Phenology and Signs of Spring – Really


This winter has been so cold that we might find ourselves questioning if spring really will come. Before we headed out on our hike I told the group that I will prove that spring is coming by looking at phenological events. Phenology is the study of periodic plant and animal life-cycle events that are influenced by climate and seasonal changes. For example, the first day that you see a Red-winged Blackbird return to Wisconsin in the spring would be a phenological event. Aldo Leopold recorded phenological events very carefully in his journals and biologists have found these notes to be very important to track plant and animal responses to climate and seasons.
We left the Visitor’s Center through the back entrance near the native gardens, as I spoke to the group I got distracted because I saw a turkey on top of the Visitor’s Center roof! We have over one hundred turkeys that call the Arboretum home, I had just never seen on one the roof. It must have been a young male turkey (called a Jake) since it had a short beard and was rather small for a male turkey. Once he jumped down we continued our hike through Longenecker Gardens. The snow was very deep, but we managed to hike though the gardens and arrived at Gallistel Woods.
As we hiked through Gallistel Woods, we decided to walk down Icke Boardwalk to see if we could see any birds. We did spot an American Robin; everyone could see it without binoculars since its chest was such a bright orange color. I did not count seeing the robin as a phenologic event because some robins stay in Wisconsin all year if they think there is enough food available. We heard White-breasted Nuthatches singing as we exited Icky Boardwalk, then we heard a call from a bird that is a phenologic event; we heard Black-capped Chickadees singing a call that sounds like “Fe’bee-ee” which is a mating call that the males sing to establish territory. Most of us have heard the call the Chickadees sing calls that sounds like their name, but the call we heard is a phenologic event since this is not a song they sing in the middle of winter, they begin singing this song in early spring.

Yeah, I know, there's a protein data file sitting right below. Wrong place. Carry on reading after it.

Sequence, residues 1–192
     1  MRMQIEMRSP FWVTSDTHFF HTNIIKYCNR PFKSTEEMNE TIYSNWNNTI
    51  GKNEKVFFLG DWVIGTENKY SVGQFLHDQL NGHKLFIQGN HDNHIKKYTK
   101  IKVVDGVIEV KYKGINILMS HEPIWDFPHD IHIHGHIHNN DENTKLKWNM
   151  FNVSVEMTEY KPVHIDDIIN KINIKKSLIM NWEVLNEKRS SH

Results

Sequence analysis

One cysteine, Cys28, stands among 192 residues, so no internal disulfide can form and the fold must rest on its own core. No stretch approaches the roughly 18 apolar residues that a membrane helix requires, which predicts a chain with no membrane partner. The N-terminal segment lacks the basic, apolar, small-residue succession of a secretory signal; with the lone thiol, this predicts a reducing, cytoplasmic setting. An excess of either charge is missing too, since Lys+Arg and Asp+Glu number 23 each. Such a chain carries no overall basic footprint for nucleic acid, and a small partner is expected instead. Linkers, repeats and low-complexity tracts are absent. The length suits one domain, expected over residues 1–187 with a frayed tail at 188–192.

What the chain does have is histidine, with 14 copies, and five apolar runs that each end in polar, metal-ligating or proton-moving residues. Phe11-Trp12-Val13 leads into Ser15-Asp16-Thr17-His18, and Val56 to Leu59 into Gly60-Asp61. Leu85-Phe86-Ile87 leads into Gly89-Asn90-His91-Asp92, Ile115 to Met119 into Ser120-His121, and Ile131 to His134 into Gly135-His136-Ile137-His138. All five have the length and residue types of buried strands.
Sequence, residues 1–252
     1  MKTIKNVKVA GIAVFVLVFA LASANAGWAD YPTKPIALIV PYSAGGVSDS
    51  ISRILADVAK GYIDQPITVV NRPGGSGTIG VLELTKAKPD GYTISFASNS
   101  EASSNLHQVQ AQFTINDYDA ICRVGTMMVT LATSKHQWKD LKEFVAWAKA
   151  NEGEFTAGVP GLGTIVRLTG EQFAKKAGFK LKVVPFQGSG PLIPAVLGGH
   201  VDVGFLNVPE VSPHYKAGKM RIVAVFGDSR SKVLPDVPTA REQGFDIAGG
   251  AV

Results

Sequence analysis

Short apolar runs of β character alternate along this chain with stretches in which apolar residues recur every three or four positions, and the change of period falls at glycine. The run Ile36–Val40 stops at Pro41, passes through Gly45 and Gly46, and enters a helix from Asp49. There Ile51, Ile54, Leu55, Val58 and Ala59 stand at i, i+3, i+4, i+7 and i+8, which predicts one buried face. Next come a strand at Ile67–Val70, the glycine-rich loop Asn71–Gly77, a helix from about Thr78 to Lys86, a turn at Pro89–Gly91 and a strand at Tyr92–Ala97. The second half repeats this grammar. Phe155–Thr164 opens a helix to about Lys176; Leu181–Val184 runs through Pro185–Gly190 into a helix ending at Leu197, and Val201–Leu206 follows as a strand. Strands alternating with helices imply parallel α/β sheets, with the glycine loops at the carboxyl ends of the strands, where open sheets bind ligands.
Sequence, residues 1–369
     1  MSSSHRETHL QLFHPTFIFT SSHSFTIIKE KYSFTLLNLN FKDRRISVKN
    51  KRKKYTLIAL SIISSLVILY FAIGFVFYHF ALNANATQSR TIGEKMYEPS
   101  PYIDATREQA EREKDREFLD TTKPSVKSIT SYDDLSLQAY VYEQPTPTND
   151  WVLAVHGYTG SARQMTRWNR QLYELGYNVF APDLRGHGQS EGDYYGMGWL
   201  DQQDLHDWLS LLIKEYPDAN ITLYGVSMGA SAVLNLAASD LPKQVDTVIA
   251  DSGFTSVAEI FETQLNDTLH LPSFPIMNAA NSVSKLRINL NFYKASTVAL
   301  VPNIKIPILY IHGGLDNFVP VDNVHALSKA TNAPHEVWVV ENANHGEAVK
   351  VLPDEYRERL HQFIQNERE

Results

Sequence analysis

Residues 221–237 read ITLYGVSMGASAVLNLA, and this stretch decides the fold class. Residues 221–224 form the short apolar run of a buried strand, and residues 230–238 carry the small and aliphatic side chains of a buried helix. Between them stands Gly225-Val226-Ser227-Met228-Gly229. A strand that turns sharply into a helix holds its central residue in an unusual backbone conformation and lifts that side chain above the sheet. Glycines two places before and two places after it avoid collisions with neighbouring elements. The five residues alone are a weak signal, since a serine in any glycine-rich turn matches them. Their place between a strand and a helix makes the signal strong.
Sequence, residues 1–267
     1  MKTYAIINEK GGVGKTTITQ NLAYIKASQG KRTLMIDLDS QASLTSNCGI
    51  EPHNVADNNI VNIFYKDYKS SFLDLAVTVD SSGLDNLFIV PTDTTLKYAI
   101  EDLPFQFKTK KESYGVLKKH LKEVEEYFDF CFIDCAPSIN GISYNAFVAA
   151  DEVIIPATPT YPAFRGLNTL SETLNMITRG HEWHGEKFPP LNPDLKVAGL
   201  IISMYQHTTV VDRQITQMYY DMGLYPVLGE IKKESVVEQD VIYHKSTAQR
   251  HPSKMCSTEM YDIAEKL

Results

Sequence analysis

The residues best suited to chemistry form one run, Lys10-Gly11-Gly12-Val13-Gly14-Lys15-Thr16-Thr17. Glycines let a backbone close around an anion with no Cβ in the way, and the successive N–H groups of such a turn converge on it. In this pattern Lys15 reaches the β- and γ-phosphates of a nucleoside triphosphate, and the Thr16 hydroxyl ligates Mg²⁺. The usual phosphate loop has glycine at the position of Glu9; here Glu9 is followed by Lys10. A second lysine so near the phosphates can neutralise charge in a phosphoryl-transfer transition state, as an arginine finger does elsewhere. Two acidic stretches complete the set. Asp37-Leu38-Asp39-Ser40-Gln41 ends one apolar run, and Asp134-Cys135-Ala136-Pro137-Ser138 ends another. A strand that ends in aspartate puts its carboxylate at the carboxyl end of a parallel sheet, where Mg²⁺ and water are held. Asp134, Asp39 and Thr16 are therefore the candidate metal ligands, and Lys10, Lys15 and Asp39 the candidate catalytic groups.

We continued to hike through Gallistel Woods and stopped when we saw a Brown Creeper a few feet away in a nearby tree. Brown Creepers are only found in Wisconsin during the winter. This bird was spiraling up and down the tree poking its beak in between the bark looking for insects. The Brown Creeper is well adapted for climbing trees by having a sturdy tail to balance itself as well as narrow toes to gasp tree bark very well. Once the Brown Creeper flew away, we continued to hike the trail from G5-K1. I wanted to lead the group to Wingra Woods, but the parking lot we so icy that I decided that we should cross at trail K1.

We hiked to Skunk Cabbage Bridge and were pleasantly surprised to see Skunk Cabbage blooms! Skunk Cabbage typically blooms at the end of February and is a wonderful site to see. Skunk Cabbage blooming is one phenologic event I look forward to every year; there is something about seeing this marbled purple hood (called a spathe) emerging from a frozen ground that gives us hope for spring. Skunk Cabbage is a unique plant, the blooming portion of the plant (called spadix) actually breaths in oxygen to warm up the area surrounding it! While the Skunk Cabbage is blooming you may notice a smell that smells like rotting meat, this is because Skunk Cabbage relies on flies and bees to pollinate it. Flies are attracted to the smell and will spread pollen from one plant to another. Skunk Cabbage is considered poisonous if eaten raw due to calcium oxalate crystals that cause an unpleasant burning sensation of the mouth and tongue. The Native Americans did find medicinal uses for the plant once they boiled it for a period of time. Native Americans would use boiled parts of Skunk Cabbage along with a combination of other herbs to treat epilepsy, cramps and the flu.
We hiked back to the Visitor’s Center and at the end of the hike everyone was happy that we saw and heard some signs of spring! Whenever you go outside keep an eye and ear open for signs of spring, soon we will see all sorts of phenological events.
Samantha Bailey- Naturalist

Located between Lake Wingra and the West Beltline Highway at 1207 Seminole Highway, the University of Wisconsin-Madison Arboretum features the restored prairies, forests and wetlands of pre-settlement Wisconsin. This 1,260-acre arboretum also houses flowering trees, shrubs and a world-famous lilac collection. Educational tours for groups and the general public, science and nature-based classes for all ages and abilities, and a wide variety of volunteer opportunities for groups, families and individuals are available.